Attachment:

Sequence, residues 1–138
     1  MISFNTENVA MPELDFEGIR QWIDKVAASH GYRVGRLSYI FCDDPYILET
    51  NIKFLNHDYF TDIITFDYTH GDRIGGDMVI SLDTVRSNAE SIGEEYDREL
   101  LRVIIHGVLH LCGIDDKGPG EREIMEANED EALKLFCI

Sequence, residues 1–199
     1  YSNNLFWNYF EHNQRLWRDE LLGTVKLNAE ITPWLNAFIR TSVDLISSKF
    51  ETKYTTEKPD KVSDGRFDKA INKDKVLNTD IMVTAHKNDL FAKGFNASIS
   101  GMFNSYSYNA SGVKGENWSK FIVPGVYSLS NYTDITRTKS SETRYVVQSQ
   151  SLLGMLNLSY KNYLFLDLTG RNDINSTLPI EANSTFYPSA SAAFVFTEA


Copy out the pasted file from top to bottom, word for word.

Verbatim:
Sequence, residues 1–138
     1  MISFNTENVA MPELDFEGIR QWIDKVAASH GYRVGRLSYI FCDDPYILET
    51  NIKFLNHDYF TDIITFDYTH GDRIGGDMVI SLDTVRSNAE SIGEEYDREL
   101  LRVIIHGVLH LCGIDDKGPG EREIMEANED EALKLFCI

Sequence, residues 1–199
     1  YSNNLFWNYF EHNQRLWRDE LLGTVKLNAE ITPWLNAFIR TSVDLISSKF
    51  ETKYTTEKPD KVSDGRFDKA INKDKVLNTD IMVTAHKNDL FAKGFNASIS
   101  GMFNSYSYNA SGVKGENWSK FIVPGVYSLS NYTDITRTKS SETRYVVQSQ
   151  SLLGMLNLSY KNYLFLDLTG RNDINSTLPI EANSTFYPSA SAAFVFTEA